Creating Graphics with DirectDraw Classes
This article assumes some background knowledge of Visual Basic 6. Visual Basic .NET or DirectX experience is not required. This material is based on Beta2 release version of Microsoft's .NET technology.
DirectDraw is the oldest component of DirectX. Microsoft developers saw the need for fast-drawing animations in games and multimedia in the Windows future, so they developed an ever-increasing library of classes to DirectX called DirectDraw.
What Is DirectDraw?
DirectDraw is a technology that was the cornerstone of DirectX for most of its life. In DirectX 8, DirectDraw has taken a back seat, however, and much of its functionality has been absorbed into DirectGraphics. DirectDraw is accessible as part of the DirectX 7 dll only. However, when you install DirectX 8, you will also get the DirectX 7 dlls. Therefore, you still have access to these great libraries. Although most of its functionality has been put into Direct Graphics, you still have access to it because DirectX 8 is compatible with previous versions. There are many reasons to discuss DirectDraw, including the following:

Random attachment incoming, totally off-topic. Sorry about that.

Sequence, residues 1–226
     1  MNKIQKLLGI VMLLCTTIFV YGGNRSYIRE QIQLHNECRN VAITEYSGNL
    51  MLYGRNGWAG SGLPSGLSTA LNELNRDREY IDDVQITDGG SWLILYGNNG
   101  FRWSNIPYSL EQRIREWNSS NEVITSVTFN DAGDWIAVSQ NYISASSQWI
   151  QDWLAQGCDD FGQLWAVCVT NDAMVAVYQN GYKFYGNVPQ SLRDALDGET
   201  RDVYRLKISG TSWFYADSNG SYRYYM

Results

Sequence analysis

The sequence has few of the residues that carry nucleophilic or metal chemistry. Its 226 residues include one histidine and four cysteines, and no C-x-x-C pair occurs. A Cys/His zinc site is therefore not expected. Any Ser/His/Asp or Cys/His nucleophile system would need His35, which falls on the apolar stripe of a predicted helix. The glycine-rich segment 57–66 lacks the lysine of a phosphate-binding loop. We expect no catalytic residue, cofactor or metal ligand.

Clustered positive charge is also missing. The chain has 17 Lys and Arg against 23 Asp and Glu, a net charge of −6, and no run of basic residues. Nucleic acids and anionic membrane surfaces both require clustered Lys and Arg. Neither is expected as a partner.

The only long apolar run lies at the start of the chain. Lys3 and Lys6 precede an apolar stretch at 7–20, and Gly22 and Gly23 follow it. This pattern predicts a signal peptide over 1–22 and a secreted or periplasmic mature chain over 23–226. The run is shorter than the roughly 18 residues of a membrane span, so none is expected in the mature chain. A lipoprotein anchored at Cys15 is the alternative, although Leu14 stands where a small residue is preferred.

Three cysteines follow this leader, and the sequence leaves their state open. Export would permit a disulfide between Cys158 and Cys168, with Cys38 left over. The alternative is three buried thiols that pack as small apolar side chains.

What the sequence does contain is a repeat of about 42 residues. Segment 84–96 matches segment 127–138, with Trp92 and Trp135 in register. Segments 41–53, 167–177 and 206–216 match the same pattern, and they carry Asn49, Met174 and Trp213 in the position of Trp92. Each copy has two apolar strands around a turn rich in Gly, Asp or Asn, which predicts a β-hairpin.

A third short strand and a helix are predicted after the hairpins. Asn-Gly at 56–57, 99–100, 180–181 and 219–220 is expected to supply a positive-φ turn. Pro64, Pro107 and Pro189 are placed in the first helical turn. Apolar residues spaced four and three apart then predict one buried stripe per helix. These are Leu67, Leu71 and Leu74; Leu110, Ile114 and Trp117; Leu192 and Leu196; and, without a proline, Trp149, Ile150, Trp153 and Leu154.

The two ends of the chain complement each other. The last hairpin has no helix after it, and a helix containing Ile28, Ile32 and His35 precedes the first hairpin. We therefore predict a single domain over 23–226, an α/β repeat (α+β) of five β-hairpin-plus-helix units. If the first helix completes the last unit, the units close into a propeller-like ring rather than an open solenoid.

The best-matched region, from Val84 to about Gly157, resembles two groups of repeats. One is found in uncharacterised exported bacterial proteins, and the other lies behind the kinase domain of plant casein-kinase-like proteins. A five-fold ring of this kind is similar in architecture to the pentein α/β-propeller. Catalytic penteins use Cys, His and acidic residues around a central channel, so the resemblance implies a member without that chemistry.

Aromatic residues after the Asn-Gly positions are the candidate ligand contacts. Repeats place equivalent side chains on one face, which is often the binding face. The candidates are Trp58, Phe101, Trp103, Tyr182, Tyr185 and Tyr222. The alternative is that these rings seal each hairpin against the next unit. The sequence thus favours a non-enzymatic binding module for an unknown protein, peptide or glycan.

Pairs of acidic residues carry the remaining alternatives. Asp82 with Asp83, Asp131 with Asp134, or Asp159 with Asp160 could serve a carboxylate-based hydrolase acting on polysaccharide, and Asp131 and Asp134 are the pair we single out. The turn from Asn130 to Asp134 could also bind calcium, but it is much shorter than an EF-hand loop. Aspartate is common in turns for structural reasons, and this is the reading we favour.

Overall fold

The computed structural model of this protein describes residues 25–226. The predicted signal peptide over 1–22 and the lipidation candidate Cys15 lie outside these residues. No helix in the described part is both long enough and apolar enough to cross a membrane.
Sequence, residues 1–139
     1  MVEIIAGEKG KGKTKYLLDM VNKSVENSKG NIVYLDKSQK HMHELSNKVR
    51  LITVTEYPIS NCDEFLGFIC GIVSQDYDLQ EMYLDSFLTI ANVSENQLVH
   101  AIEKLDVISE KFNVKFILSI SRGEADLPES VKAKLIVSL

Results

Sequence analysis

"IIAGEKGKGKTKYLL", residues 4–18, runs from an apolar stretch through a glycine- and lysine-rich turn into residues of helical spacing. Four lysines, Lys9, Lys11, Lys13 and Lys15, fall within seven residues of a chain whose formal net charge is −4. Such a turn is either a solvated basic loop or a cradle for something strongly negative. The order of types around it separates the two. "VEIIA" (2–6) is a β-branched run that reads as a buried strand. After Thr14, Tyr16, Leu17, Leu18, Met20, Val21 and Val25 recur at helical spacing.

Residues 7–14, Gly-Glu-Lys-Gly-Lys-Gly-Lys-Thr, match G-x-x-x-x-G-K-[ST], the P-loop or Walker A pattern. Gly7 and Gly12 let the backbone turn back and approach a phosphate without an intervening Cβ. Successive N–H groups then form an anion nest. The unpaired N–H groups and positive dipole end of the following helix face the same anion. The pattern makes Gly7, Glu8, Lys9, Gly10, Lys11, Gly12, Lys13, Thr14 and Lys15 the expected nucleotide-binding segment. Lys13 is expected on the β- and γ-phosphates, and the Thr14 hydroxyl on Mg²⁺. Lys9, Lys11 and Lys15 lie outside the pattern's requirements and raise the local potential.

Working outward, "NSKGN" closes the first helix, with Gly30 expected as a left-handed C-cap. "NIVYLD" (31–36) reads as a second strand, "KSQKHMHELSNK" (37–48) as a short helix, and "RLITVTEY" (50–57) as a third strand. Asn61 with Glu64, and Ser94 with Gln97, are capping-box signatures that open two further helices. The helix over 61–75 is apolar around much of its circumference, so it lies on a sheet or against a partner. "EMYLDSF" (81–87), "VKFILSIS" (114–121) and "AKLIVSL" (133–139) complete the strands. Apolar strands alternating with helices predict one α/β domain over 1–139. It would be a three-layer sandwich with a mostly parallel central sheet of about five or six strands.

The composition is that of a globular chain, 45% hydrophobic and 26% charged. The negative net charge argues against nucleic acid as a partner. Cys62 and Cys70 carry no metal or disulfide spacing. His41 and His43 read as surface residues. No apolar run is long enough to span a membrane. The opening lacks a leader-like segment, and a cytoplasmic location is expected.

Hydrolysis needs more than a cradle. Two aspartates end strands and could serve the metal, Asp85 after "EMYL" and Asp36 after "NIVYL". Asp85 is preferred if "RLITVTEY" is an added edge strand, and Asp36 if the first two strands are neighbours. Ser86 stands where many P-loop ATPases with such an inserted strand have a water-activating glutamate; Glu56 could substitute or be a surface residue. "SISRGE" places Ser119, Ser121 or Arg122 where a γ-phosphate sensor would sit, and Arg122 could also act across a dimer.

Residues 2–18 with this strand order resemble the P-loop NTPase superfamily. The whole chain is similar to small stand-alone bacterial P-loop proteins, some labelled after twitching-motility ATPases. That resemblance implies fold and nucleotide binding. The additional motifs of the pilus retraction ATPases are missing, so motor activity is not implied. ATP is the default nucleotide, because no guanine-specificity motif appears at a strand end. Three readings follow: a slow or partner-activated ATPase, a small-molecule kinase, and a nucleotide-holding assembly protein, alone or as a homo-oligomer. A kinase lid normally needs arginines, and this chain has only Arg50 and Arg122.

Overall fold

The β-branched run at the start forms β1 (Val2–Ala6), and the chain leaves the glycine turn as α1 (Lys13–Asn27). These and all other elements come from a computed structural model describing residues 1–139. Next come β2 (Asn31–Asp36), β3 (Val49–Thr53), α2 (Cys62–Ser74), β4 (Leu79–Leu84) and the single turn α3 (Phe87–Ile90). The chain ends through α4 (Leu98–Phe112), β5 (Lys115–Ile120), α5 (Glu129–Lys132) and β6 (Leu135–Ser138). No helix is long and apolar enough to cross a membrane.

DirectDraw can be used with standard VGA graphics cards. You do not need an accelerated 3D card.
Not all the DirectDraw features have been rolled into Direct Graphics, so there are some advantages to using DirectDraw.
DirectDraw is easier to use if you want to work with 2D graphics only, and you can get up to speed on basic animation techniques much more quickly with DirectDraw.
DirectX 8 has a new technology called DirectGraphics, which is a combination of DirectDraw and Direct3D technologies—all rolled up into one class.